revelation of this enigma is another of Appleseed's
intricate subplots. Not all humans
in Olympus are fond of the bioroids, and some are apprehensive that
"true" humans may eventually become extinct, superceded by bioroids as
the emergent new form of human life. This
fear has led to random acts of terrorism throughout Olympus, and the increasing
frequency of these attacks ultimately compels Prime Minister Athena (Mami
Koyama) to declare martial law.
decision does not sit well with General Uranus, commander of the human army of
Olympus: "I will never allow humans to become living tools."
He is highly suspicious of Athena's intentions, and her actions only
heighten the tension in the city, serving to paint her loyalties and convictions
in an ambiguous light. Athena is,
after all, a first-generation bioroid herself, and the film is ambivalent about
her intentions, whether Athena is the true power-hungry mastermind behind the
reign of chaos over Olympus or whether she has the city and its inhabitants'
best interests at heart (readers of the manga comic will know the answer).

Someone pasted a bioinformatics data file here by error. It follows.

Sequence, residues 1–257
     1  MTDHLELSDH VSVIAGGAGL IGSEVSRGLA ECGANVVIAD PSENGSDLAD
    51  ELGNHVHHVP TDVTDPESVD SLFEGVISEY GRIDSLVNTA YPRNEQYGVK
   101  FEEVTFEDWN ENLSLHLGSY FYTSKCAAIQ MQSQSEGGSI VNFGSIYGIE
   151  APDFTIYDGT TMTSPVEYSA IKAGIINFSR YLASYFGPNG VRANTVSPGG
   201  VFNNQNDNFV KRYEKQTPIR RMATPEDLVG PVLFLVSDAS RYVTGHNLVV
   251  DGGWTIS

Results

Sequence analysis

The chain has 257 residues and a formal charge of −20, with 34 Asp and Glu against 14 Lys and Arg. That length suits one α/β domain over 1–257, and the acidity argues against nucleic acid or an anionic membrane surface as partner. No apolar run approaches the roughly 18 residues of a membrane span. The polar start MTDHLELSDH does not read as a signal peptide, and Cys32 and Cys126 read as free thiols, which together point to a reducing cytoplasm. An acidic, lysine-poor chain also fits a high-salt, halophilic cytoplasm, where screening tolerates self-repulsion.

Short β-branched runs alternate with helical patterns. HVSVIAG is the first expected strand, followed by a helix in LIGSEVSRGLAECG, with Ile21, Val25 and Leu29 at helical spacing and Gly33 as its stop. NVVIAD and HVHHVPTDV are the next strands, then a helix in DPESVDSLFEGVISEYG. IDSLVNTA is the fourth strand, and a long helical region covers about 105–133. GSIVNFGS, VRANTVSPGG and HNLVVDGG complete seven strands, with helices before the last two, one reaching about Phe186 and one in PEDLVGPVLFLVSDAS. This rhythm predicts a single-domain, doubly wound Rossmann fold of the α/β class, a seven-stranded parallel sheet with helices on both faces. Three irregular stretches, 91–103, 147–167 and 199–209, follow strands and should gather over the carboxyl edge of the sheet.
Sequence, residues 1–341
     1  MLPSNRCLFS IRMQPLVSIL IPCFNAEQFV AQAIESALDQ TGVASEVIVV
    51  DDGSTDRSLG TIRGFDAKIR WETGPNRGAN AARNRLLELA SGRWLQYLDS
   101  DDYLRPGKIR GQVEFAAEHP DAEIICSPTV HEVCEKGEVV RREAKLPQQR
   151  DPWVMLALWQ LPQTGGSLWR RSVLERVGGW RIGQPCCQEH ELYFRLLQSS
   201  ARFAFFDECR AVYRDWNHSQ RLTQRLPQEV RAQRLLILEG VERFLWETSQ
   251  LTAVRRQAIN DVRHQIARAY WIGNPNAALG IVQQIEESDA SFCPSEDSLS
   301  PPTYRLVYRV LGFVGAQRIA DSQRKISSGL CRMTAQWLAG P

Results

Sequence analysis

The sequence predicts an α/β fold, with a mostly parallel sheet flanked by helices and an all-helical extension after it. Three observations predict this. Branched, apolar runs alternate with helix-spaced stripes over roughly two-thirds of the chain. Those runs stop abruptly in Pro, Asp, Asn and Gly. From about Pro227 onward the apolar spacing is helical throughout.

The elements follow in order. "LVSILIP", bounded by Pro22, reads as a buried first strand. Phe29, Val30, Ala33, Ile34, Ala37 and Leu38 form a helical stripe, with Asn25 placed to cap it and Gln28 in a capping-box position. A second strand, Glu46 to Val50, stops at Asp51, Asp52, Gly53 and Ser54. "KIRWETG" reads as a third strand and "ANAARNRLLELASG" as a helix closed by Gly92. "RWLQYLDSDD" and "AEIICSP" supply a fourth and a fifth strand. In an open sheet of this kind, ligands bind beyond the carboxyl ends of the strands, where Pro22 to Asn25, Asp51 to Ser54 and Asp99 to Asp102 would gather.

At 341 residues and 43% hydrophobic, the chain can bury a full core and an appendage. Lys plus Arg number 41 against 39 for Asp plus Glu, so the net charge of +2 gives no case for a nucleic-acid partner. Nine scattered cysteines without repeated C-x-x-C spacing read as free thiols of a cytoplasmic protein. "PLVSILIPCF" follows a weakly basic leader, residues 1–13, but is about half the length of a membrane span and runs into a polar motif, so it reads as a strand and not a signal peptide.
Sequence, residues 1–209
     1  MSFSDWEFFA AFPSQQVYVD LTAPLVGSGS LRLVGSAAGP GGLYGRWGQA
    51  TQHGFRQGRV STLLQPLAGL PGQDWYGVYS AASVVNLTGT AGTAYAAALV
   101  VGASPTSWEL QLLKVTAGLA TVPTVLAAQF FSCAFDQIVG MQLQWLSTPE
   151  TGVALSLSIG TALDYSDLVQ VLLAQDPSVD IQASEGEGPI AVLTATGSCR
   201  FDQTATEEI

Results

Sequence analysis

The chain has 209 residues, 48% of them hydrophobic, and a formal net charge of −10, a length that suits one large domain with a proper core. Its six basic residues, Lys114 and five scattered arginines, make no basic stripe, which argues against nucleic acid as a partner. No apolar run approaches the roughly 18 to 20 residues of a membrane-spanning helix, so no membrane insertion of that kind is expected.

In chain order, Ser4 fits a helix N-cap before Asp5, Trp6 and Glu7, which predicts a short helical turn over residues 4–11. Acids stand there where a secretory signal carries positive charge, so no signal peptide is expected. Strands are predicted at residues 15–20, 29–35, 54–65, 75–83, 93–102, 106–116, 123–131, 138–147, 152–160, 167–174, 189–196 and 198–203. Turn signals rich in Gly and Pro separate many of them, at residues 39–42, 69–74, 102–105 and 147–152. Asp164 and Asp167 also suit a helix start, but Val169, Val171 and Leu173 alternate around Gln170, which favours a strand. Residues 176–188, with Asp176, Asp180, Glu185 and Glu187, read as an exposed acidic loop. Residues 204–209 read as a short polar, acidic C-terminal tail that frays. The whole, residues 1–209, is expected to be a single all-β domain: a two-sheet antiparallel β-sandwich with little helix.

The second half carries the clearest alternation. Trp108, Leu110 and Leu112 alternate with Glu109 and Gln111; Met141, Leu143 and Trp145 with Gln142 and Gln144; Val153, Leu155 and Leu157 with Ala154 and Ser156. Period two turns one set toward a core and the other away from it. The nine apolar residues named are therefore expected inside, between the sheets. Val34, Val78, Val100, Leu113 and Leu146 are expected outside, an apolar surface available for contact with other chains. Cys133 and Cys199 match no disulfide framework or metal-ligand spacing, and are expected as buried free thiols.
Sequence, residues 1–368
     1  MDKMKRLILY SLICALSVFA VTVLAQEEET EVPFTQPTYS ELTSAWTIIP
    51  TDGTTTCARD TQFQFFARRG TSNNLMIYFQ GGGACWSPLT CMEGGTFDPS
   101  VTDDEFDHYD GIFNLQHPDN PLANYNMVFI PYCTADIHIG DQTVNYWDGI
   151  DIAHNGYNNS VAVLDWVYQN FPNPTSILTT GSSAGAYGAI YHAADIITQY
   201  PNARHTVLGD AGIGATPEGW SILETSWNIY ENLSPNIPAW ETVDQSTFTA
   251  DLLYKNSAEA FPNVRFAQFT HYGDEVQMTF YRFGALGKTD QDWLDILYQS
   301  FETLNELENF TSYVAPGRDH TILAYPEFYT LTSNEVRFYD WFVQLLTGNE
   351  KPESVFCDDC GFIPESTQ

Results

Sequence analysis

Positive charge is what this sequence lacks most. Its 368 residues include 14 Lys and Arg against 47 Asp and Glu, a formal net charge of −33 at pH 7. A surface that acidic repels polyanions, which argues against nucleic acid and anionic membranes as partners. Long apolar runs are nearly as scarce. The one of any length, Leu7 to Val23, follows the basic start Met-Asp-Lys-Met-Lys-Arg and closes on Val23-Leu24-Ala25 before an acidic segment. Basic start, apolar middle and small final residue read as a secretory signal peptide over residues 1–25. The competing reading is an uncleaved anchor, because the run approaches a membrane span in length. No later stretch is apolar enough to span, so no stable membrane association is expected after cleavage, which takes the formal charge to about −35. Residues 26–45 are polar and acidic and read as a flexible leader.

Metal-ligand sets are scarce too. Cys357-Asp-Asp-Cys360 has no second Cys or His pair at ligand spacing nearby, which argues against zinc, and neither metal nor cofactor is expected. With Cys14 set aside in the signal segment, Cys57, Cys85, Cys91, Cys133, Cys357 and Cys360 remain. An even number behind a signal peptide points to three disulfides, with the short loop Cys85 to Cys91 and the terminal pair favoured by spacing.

Furthermore, Athena conceals a hidden link to Deunan's past, a secret
concerning the film's title and one with a potentially explosive impact upon the
final outcome of the growing conflict between humans and bioroids.
finale to Appleseed features the
mind-boggling Mobile Fortresses (a highlight of the manga) in action.
Entrusted with the safe-guarding of Olympus, the Mobile Fortresses are
like gigantic mechanical spiders wielding massive heavy artillery guns, rocket
launchers, Gatling cannons, laser rays, etc. (you just name it).
Should they ever turn upon the city, these leviathans are virtually
unstoppable and would cause utter destruction.
This is precisely what will happen, although the ultimate question as to
who is truly controlling the Mobile Fortresses and Olympus - the bioroids, the
humans, or even Gaia, the utopia's central supercomputer brain - remains in
"appleseed" of the film's title is literally and metaphorically the
seed of Life. It is akin to the
bioroid's Holy Grail, and the quest to find it provides the dramatic thrust of